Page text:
HARTFORD: The CT Labor Department and the CT Department of Economic and Community Development. Issued this month's CT Economic Digest. The issue offers a special focus on Exporting from Connecticut, Connecticut Exports: 2016 in Review.
DECD’s Laura Jaworski. provides the overview on 2016 CT export activity, showing that CT's 2016 exports decreased 5.49% from 2015 ($15.24B to $14.4B) but that exports nationwide decreased in 2015 as well.
- Commodity exports are not noted in export figures, and since CT has a high concentration of insurance and financial exports, this could understate the actual figure.
- 5,717 companies exported from CT in 2014 - 89% were small and medium sized with fewer than 500 employees.
- CT was 27th nationally for exports.
- Since 2005, CT has been the 2nd highest exporter of the New England states – MA is the top exporter.
- Top 5 CT exports: Aircraft, spacecraft and parts; industrial machinery including computers; electric machinery, sound equipment, TV equipment; optic, photo, and medical and surgical instruments; and special classification provisions.
Labor Study: Businesses can pay more to preserve CT’s quality of life
HARTFORD: Connecticut businesses can afford — and should pay — higher taxes to support investments in education, health care and other priorities to grow the economy and preserve quality of life, a report sponsored by the state’s biggest labor group urged Wednesday.
The analysis prepared for the state AFL-CIO by the Center for Public Policy and Social Research — a policy think-tank at Central Connecticut State University in New Britain — also concluded Connecticut businesses enjoy some of the best economic advantages in the nation.
But the state’s chief business lobby countered that Connecticut lost jobs in 2016 while they grew in most of the rest of the nation, and this dangerous trend cannot be reversed if taxes are not stabilized.
Converstation with Nick Perna and Keith Phaneuf of CTmirror.
Nicholas S. Perna has been one of the most influential economists in Connecticut for more than three decades.
Retiring in January after 15 years as economic advisor to Webster Bank, Perna has been a consultant to numerous other leading financial institutions, including Fleet Financial Group and the Federal Reserve Bank of New York.
NEW YORK: The Ethisphere Institute has recognized eight southern New England corporations as among the most ethical in the world.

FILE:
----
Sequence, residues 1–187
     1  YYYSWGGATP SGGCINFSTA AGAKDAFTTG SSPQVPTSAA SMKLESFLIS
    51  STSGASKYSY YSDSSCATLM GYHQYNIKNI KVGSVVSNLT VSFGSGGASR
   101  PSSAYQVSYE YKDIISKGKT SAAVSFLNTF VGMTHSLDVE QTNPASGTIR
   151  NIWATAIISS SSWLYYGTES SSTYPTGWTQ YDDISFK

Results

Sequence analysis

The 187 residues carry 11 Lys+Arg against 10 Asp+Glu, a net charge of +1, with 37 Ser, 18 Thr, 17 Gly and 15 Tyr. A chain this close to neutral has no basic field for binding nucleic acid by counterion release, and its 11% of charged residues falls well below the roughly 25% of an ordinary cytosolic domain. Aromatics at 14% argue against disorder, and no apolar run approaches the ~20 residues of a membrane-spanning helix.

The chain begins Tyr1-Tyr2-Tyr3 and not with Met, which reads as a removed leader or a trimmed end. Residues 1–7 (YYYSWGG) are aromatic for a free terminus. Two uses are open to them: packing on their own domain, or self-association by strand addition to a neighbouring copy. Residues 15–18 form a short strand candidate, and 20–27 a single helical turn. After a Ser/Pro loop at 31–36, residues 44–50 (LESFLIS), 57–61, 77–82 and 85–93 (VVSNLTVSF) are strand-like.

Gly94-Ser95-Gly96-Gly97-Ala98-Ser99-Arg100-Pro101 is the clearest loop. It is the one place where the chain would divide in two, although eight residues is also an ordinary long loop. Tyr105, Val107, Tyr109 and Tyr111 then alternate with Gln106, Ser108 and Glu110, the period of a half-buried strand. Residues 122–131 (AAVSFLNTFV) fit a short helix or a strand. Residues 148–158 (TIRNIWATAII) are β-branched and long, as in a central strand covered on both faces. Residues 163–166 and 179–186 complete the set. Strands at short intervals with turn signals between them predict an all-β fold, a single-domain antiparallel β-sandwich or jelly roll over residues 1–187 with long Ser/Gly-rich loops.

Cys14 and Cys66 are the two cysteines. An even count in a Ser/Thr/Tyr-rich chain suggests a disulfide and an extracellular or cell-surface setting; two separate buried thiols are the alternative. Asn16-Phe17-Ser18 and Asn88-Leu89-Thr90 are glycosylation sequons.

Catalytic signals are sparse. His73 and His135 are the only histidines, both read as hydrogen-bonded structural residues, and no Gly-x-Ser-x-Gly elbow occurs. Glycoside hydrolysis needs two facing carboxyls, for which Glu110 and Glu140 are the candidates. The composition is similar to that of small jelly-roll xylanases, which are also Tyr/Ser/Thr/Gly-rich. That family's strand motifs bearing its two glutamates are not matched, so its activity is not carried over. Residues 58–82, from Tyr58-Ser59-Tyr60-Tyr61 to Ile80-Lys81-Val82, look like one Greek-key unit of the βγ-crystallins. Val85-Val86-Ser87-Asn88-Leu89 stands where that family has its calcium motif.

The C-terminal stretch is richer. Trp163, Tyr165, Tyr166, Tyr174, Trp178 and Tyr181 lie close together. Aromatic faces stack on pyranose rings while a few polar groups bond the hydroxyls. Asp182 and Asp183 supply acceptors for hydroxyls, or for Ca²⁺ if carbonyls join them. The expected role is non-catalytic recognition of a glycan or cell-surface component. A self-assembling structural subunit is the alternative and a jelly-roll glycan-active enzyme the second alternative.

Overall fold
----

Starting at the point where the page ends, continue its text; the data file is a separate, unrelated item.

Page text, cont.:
For eleven years the organization has selected using what it is explains as an “Ethics Quotient, a proprietary rating system that collects and objectively scores self-reported data in five weighted categories.”
According to the organization it “honored those companies who recognize their role in society to influence and drive positive change in the business community and societies around the world. These companies also consider the impact of their actions on their employees, investors, customers and other key stakeholders and leverage values and a culture of integrity as the underpinnings to the decisions they make each day.”
Washington, DC: With federal tax reform efforts seeking to lower the 35 percent tax rate on corporations, it's also worth remembering that most states also impose taxes that can push business tax marginal rates above 40 percent. New analysis from Tax Foundation Policy Analyst Morgan Scarboro shows the corporate tax brackets and tax rates for these states and the District of Columbia.
At 12 percent, Iowa has the highest top marginal rate in the country, followed by Pennsylvania (9.99 percent), Minnesota (9.8 percent), Alaska (9.4 percent), Connecticut (9 percent), New Jersey (9 percent), and D.C. (9 percent).
"Though often thought of as a major tax type, corporate income taxes account for just 5.4 percent of state tax collections and 2.7 percent of state general revenue," Scarboro writes.
For 2017, corporate tax rates in four states--Arizona, Indiana, New Mexico, and North Carolina--and D.C. will decline as part of recent tax reform legislation. Since 2008, 15 states have reduced their corporate tax rates, recognizing that the tax raises fairly little revenue but plays a bigger role in business location and expansion decisions.